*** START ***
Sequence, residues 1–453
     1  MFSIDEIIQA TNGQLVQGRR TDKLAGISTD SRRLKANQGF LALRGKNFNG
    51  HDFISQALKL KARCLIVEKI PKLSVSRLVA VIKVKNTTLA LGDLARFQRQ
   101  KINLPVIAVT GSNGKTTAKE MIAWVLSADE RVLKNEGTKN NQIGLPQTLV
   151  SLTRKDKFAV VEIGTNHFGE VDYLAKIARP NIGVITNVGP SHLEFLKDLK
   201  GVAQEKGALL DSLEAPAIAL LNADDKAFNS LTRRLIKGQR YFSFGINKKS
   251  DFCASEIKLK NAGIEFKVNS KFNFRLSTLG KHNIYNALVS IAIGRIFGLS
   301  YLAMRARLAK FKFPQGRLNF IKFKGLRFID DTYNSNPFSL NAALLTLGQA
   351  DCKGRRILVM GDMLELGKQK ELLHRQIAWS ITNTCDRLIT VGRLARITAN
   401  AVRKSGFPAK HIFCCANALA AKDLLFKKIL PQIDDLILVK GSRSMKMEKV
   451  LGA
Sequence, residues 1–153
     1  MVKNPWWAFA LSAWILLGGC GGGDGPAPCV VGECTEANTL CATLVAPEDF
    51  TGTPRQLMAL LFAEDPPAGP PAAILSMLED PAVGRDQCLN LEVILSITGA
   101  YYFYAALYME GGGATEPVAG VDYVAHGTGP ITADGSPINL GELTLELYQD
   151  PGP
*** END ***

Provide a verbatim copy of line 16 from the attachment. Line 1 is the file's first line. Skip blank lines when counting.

   151  PGP